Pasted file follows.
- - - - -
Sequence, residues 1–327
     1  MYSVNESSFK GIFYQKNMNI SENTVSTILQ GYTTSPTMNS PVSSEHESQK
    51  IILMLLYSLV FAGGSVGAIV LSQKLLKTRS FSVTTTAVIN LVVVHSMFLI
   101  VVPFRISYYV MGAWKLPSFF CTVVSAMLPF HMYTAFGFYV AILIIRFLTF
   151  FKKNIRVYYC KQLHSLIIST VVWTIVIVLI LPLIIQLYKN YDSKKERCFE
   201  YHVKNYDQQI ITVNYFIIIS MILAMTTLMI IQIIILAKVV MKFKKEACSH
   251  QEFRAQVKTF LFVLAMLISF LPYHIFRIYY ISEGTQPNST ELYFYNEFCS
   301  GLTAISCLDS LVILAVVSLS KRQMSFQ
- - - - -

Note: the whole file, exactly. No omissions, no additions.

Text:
Sequence, residues 1–327
     1  MYSVNESSFK GIFYQKNMNI SENTVSTILQ GYTTSPTMNS PVSSEHESQK
    51  IILMLLYSLV FAGGSVGAIV LSQKLLKTRS FSVTTTAVIN LVVVHSMFLI
   101  VVPFRISYYV MGAWKLPSFF CTVVSAMLPF HMYTAFGFYV AILIIRFLTF
   151  FKKNIRVYYC KQLHSLIIST VVWTIVIVLI LPLIIQLYKN YDSKKERCFE
   201  YHVKNYDQQI ITVNYFIIIS MILAMTTLMI IQIIILAKVV MKFKKEACSH
   251  QEFRAQVKTF LFVLAMLISF LPYHIFRIYY ISEGTQPNST ELYFYNEFCS
   301  GLTAISCLDS LVILAVVSLS KRQMSFQ